Just behind the park of the Palau de Pedralbes is a fence and gate guarded by one of Gaudí’s first and most formidable ironworks, the Pedralbes Dragon (1884). For once this isn’t St George’s victim, but that of another Catalan hero — Barcelona’s ‘founder’ Hercules — as described by the national poet Jacint Verdaguer in his epic L’Atlàntida, which guards the golden apples of the Hesperides, symbolised by the orange tree on the right-hand post. Spanning 18ft, the dragon writhes across the gate, whips its scaly tail, baring long, pointy teeth (originally it actually would snap its jaws when the gate was opened).
The gate also guarded Eusebi Güell’s own orange grove and country house. Gaudí contributed his very first surviving buildings for his patron, the exotic, Hindu-inspired, corbel-roofed gatehouse and stable, which were also the first to be decorated with his signature trencadis and Greek cross.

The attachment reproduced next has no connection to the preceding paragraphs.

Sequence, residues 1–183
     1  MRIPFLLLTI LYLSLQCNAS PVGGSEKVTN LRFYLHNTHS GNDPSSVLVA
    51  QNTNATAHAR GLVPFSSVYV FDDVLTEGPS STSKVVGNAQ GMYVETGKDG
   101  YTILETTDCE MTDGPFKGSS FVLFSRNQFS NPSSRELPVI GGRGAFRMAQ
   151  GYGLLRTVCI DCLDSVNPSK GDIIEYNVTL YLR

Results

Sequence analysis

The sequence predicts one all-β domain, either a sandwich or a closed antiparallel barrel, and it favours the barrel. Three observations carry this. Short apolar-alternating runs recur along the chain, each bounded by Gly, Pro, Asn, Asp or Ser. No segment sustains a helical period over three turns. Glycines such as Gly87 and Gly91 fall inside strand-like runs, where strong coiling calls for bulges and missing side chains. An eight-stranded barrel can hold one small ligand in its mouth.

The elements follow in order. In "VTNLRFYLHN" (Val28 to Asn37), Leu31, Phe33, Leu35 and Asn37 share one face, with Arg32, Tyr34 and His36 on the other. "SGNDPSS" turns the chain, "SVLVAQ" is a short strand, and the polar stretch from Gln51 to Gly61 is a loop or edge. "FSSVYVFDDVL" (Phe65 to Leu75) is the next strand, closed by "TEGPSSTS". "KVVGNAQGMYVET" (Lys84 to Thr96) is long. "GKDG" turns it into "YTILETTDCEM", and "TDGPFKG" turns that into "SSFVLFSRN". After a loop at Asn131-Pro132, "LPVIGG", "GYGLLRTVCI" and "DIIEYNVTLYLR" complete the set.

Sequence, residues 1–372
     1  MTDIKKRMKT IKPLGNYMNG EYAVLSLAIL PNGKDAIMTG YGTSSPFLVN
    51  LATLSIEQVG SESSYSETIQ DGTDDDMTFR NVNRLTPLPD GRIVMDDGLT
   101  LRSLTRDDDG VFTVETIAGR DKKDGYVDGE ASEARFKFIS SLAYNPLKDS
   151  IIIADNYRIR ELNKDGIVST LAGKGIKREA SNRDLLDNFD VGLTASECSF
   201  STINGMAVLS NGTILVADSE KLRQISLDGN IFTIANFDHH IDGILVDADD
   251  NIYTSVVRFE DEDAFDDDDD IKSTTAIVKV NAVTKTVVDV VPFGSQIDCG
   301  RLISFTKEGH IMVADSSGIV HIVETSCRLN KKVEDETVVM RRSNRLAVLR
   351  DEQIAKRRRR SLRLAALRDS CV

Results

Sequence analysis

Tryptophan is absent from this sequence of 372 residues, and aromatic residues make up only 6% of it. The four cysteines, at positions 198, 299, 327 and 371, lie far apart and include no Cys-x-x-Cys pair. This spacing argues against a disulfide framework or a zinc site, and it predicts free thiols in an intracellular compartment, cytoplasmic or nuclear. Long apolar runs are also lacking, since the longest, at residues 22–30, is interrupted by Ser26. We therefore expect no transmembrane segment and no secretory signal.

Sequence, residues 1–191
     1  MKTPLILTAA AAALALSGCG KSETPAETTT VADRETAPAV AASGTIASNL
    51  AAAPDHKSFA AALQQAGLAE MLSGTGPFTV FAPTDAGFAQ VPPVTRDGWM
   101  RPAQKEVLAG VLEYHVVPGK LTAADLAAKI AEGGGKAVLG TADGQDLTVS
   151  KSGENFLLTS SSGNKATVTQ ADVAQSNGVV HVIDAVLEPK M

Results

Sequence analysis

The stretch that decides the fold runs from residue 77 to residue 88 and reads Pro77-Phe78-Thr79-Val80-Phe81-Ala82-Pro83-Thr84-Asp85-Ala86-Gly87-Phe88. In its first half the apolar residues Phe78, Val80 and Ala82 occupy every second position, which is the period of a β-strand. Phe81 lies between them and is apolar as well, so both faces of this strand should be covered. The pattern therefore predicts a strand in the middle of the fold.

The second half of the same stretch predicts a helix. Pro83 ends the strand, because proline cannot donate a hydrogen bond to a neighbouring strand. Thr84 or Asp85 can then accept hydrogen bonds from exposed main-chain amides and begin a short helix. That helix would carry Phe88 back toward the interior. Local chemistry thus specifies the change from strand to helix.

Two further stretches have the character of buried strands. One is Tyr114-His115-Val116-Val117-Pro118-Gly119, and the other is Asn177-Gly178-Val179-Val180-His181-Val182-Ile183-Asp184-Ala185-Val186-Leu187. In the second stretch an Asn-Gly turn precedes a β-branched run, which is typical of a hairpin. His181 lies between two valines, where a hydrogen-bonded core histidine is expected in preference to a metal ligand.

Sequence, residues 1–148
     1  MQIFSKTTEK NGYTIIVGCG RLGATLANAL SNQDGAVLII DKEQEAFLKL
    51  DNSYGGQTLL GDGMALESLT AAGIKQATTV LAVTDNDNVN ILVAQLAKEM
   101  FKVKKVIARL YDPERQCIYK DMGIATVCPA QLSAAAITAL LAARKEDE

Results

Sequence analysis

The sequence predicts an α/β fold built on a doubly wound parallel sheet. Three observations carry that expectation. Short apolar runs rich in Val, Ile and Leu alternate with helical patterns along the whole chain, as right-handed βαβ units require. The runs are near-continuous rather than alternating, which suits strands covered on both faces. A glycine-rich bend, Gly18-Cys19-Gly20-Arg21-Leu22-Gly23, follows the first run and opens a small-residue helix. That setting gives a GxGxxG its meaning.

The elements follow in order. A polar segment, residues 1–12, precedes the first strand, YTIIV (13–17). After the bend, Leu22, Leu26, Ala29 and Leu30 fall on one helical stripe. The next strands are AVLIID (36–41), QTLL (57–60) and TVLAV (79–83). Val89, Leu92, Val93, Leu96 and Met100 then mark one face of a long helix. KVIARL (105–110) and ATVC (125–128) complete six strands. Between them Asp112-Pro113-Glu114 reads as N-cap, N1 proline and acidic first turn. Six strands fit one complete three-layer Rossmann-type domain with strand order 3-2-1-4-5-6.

Since 1978 they have been the seat of the Catedra Gaudí, a section of Barcelona’s architecture school dedicated to the study of Gaudí’s works. Architecturally, the Pabellones jar with the surrounding clumps of bright, boring new buildings of the Universitat Politècnica de Catalunya, which managed to commission as many FAD-winning architects as the equally dull Vila Olímpica.
Avinguda de Pedralbes 15
Hours Daily 10am-4pm
metro: Palau Reial
+34 933 177 652
Images by: Morgaine, Jaume Meneses